We’ve had three great days after four days of rain. I took my bike out, got a little lost and little sunburned. The trails north of the interstate are not well-marked and my map is out of date, but I’m grate that there are trails at all. My new bike is working out really well.
I feel much better after being outdoors most of the weekend. I helped Susan clean her gutters Saturday and then cooked some chicken on her grill. I felt so suburban-domestic.
I took some photos around town yesterday; here they are:
My folks are coming this week. I started cleaning my apartment in earnest this afternoon. It will be presentable when they get here.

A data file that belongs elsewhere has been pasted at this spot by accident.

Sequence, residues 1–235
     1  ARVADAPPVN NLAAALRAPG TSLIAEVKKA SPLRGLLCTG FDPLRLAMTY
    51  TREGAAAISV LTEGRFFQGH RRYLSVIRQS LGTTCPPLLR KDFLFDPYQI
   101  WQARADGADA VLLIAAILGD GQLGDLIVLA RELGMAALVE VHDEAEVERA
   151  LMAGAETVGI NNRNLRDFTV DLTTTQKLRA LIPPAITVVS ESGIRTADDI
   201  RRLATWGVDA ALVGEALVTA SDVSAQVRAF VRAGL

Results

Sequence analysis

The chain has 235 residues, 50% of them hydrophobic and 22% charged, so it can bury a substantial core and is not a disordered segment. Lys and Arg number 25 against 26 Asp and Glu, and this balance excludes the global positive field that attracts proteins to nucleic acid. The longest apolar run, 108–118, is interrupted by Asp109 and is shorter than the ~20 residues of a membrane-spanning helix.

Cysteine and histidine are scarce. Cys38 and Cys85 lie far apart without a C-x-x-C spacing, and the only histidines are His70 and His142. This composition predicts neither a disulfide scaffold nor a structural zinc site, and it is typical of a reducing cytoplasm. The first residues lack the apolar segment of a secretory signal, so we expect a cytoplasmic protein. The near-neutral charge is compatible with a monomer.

On the way home from work I passed some trucks carrying the blades of a giant wind turbine. Easily the longest things I’ve ever seen on the road. They were huge. Iowa is pretty windy and is one of the leading wind power producers. I wondered if a wind farm is going up nearby.
“Freedom from fear: the American people in depression and war, 1929-1945” by David M. Kennedy is one 900-page book I managed to get through before its due date. Despite its length, it’s a clear, easy-to-read-and-understand account of the Great Depression and the Second World War. Kennedy treats FDR and the New Deal favorably, but exposes some of the darker side of it; for example, the wishes of some New Deal officials that the depression wouldn’t end so they could go on reforming and stay in power.